Hi Tom,

Wednesday, July 24, 2002, 8:49:41 AM, you wrote:

TS> wxWindows is a good gui tookit, no doubt. but this clip from its webpage
TS> makes it unsuitable for out purposes:

TS> "wxWindows is not a translator from one GUI from another; it cannot take
TS> a Motif application and generate a Windows application, for example. You
TS> need to learn a new API. However, the wxWindows API has been praised for
TS> its intuitiveness and simplicity, and can be far easier to learn and use
TS> than a native GUI API such as Motif or Windows. Porting from MFC is
TS> particularly easy due to its similarity: one user has ported his CASE
TS> tool from MFC to wxWindows in a couple of weeks."

I seem to read that quote from wxWindows differently than you do.  I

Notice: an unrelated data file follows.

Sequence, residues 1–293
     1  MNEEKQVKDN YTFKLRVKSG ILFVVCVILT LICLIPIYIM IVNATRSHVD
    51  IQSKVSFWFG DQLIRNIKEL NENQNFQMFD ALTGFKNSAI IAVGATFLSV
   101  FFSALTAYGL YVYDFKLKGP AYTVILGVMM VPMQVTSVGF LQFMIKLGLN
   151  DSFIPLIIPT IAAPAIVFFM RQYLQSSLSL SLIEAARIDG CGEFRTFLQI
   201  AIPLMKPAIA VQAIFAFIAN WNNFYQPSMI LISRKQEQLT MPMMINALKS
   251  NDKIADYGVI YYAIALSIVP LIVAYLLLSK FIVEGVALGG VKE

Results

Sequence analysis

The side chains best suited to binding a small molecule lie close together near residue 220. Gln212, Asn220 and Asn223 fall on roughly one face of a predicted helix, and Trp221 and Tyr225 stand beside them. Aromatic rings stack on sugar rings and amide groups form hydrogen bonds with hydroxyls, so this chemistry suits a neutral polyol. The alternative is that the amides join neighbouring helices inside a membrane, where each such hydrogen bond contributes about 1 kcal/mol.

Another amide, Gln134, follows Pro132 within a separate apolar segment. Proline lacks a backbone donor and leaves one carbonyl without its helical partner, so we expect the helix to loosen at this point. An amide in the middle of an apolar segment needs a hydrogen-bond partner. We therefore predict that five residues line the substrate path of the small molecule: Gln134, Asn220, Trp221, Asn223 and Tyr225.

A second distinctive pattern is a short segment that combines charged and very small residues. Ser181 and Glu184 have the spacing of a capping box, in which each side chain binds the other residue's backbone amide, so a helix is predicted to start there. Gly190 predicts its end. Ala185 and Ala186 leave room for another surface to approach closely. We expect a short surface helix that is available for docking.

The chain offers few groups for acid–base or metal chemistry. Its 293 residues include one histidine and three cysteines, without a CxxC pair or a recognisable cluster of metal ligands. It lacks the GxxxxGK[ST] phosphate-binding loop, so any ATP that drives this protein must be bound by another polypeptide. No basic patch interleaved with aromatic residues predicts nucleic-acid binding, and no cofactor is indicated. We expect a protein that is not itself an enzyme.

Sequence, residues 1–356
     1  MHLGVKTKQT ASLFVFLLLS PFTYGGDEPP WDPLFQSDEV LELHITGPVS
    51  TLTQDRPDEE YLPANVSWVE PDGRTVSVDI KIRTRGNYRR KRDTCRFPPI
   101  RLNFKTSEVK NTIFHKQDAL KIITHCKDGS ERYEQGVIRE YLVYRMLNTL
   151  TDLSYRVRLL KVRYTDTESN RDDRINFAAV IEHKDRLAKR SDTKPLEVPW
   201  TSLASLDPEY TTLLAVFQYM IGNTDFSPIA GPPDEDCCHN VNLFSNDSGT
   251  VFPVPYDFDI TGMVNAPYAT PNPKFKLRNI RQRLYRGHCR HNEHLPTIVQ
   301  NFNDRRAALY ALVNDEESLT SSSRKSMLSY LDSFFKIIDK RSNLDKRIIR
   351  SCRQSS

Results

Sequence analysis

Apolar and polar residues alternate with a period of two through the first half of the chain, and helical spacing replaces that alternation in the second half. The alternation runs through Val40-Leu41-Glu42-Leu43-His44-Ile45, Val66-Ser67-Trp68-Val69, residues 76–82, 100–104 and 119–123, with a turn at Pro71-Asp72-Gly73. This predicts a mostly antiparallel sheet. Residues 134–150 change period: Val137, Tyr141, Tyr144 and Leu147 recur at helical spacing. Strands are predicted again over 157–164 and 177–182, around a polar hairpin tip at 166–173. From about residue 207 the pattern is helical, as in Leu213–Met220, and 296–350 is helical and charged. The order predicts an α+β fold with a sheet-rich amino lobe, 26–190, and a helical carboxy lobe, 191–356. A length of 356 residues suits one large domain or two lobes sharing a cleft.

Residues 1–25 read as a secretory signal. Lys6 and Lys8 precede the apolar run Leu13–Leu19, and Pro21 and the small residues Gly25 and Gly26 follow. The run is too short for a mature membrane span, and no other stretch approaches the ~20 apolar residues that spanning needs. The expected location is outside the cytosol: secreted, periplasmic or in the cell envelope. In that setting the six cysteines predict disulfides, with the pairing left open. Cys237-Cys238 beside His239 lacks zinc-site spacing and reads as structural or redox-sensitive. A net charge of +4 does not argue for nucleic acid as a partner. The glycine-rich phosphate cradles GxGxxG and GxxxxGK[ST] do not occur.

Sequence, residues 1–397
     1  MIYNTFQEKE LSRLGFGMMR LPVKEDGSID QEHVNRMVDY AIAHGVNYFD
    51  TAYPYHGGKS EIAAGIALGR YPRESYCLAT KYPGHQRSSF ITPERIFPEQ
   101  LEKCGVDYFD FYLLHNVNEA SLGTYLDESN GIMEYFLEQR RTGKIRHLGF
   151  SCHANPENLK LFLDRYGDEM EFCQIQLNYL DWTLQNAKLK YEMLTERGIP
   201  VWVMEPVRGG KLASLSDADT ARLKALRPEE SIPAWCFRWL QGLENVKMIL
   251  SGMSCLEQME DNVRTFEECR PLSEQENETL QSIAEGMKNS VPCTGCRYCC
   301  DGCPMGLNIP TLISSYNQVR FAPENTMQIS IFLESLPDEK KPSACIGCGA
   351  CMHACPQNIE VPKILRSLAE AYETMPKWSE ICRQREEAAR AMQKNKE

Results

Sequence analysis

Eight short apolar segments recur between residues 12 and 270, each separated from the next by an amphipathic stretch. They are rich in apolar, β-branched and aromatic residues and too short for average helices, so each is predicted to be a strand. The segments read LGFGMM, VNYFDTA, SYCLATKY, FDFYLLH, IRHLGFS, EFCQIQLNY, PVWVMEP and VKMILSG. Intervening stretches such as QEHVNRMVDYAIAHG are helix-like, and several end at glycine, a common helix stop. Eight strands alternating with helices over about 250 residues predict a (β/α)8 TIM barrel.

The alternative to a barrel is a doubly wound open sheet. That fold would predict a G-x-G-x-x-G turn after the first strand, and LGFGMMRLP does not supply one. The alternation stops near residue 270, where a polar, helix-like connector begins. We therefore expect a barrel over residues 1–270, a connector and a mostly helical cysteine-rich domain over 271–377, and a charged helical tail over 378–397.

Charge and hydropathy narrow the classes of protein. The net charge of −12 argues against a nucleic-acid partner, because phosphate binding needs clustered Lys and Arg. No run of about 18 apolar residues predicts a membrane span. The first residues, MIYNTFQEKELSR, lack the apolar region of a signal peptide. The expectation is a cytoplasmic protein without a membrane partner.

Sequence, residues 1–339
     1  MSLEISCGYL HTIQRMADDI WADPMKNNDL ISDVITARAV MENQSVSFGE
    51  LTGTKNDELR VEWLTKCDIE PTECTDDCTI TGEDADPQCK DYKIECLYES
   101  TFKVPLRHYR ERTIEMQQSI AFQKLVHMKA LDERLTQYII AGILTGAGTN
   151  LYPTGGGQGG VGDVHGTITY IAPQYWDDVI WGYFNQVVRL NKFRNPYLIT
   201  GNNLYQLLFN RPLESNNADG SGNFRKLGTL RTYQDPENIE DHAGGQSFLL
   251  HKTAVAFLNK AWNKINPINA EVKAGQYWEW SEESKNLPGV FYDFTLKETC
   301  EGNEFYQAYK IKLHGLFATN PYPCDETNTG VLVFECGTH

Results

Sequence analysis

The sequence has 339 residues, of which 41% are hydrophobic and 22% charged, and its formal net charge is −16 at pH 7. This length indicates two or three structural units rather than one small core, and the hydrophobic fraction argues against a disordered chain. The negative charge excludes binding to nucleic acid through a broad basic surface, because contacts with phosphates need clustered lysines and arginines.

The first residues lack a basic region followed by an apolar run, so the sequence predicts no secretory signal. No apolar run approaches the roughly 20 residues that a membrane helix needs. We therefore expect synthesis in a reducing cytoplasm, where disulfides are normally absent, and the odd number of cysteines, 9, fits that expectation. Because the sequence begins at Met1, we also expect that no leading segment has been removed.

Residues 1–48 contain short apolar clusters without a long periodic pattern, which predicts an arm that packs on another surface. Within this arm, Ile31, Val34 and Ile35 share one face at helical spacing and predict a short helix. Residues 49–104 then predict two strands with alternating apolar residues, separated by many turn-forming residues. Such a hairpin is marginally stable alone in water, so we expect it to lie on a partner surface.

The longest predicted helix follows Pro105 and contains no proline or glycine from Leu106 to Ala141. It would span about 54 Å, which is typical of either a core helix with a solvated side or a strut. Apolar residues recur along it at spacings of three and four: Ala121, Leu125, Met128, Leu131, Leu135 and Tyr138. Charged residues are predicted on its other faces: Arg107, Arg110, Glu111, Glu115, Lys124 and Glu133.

think what they're saying is that "it cannot take
a Motif application [written without using wxWindows] and
[automatically] generate a Windows application".  But if the
application is written using the wxWindows API, then it can be
moved from one platform to another.

TS> we require something common, i.e one api for all platforms.

This is exactly what wxWindows provides.  I used wxWindows a bit about
a year ago.  I was only programming on Windows, but my understanding
is that I could have taken my code and recompiled it on Linux or one
of the other supported platforms, and it would have run there with
(essentially) no changes.

I think wxWindows deserves a closer look.  It seems mature and stable,
has a fairly large and energetic group of people enhancing it, and
many programmer-years of effort have been expended on it.  I
especially like that it has been around about 10 years, and has wide
support, so it's unlikely to go away anytime soon.

Wayne Vucenic
No Bugs Software
C++/Ruby Contract Programming in Silicon Valley